Considerations for US Expats

This week’s blog is not aimed at people looking to travel and work abroad for a few months. Rather this is for those who are packing up, selling everything, and moving abroad. I recently sold my homes in America, got rid of the car, packed, sold, donated, gifted, or trashed everything that was left over and purchased a place on the beach in Portugal. The freedom is indescribable. I no longer walk into shopping malls in Jacksonville, Florida and wonder if some nutjob is going to open fire in another American mass shooting. I go to the pharmacy and pick up prescriptions for a few euros instead of a few hundred dollars. My insurance premiums are 20% of what they were in America, and I don’t have to open my wallet to go to the doctor. My property taxes are less than 10% of what they were back home. All this, and I don’t pay taxes for the first ten years that I’m living here. Like all good things, it’s not all sunshine and puppy dogs. There are some real consequences to no longer having ties to the States. This week, I’m going to outline some of the challenges that I’ve run into living full-time in Europe, as well as debunking some myths that some may have about moving abroad. 

Mutual Funds and ETFs

This is huge. I currently keep my accounts with Schwab. I have a regular brokerage, as well as two tax advantaged accounts. I hold a mix of individual stocks, mutual funds, and ETFs. I enjoy picking stocks and have been really high on dividend stocks as a way to build a steady stream of income. Thereby making working less a reality. However, stock picking is a lot of work. On the other hand, mutual funds are professionally managed and allow you to purchase a mix of stocks that mirror a particular index or segment of the market. If there was a major correction- which many believe is coming, it might be wise to put money into a fund that mimics the market. Examples include VTSAX or SWTSX. However, if you move abroad, mutual funds may be off limits to you. When I changed my address to an international address, I was no longer allowed to invest in mutual funds. Further, because I had an EU address, ETFs were also off limits to me. I was told that I could keep the mutual funds that I have and reinvest any dividends. I could also keep my ETFs. However, I could NOT reinvest the dividends paid by the ETFs. I had to take the cash. My last ETF dividend payment was successfully reinvested, so that leaves some questions. However, before moving abroad, be aware that these financial instruments may be off limits to you.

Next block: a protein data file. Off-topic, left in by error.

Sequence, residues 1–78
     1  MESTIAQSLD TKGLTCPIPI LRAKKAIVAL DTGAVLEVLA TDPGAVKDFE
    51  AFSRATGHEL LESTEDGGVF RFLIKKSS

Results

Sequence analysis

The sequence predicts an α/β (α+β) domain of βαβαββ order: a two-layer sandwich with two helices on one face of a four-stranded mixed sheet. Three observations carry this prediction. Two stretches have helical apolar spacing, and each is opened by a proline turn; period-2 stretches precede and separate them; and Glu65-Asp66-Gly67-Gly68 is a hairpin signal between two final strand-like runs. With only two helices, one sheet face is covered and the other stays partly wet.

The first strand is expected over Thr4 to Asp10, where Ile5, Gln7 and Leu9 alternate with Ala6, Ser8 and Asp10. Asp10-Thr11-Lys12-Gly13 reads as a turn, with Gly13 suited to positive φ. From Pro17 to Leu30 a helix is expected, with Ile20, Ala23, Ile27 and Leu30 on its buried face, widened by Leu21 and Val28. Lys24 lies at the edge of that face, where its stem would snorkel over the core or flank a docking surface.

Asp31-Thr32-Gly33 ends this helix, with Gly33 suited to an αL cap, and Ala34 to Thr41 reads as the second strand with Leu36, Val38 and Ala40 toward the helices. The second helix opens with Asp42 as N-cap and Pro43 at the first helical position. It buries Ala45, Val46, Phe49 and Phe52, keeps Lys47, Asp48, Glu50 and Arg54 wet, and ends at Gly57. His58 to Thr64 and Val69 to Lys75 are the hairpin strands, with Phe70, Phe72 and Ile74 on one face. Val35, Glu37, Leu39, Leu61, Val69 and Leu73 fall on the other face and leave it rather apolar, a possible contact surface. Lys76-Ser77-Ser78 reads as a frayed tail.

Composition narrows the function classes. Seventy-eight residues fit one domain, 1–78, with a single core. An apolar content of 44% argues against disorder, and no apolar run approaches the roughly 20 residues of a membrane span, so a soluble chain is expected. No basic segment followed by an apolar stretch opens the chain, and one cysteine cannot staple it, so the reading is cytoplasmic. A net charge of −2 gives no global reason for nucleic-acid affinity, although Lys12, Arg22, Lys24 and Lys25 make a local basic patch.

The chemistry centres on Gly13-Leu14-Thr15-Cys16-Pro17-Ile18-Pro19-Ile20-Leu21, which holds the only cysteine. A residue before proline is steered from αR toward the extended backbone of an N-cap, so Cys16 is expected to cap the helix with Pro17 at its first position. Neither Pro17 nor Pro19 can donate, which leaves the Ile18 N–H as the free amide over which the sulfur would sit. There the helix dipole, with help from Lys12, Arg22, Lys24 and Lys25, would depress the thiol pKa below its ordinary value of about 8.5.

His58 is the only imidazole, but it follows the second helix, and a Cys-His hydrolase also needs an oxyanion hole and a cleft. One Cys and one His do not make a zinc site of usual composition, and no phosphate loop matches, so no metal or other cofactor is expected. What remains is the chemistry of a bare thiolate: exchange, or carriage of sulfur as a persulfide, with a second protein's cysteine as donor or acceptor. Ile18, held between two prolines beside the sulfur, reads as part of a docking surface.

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Check into financial instruments available in your new country of residence. I-shares has products that mimic the DOW. 


One of the great benefits to being outside the US is the potential to take advantage of the Foreign Earned Income Exclusion. While this doesn’t apply to investment income, it may allow you to exclude roughly the first $100k of your earnings abroad. The unfortunate downside to this is that the income you exclude is not eligible to contribute to a traditional or Roth IRA. The funds in these accounts are tax advantaged and grow tax free. Unfortunately, without taxable earned income, you can’t contribute.


If you are self-employed, consider a SEP or SIMPLE IRA. A SEP lets you contribute 25% of your income, up to $56,000. A SIMPLE IRA lets you contribute the first $13,500 in earnings to your IRA. Just remember- no index funds or ETFs. 

State Business License / Incorporation

I’ve written before about the advantages of incorporation. However, you do not incorporate at the federal level, but rather at the state level. This requires you to have an address for your business. If you’ve sold your home in America, you no longer have an address to complete your registration paperwork.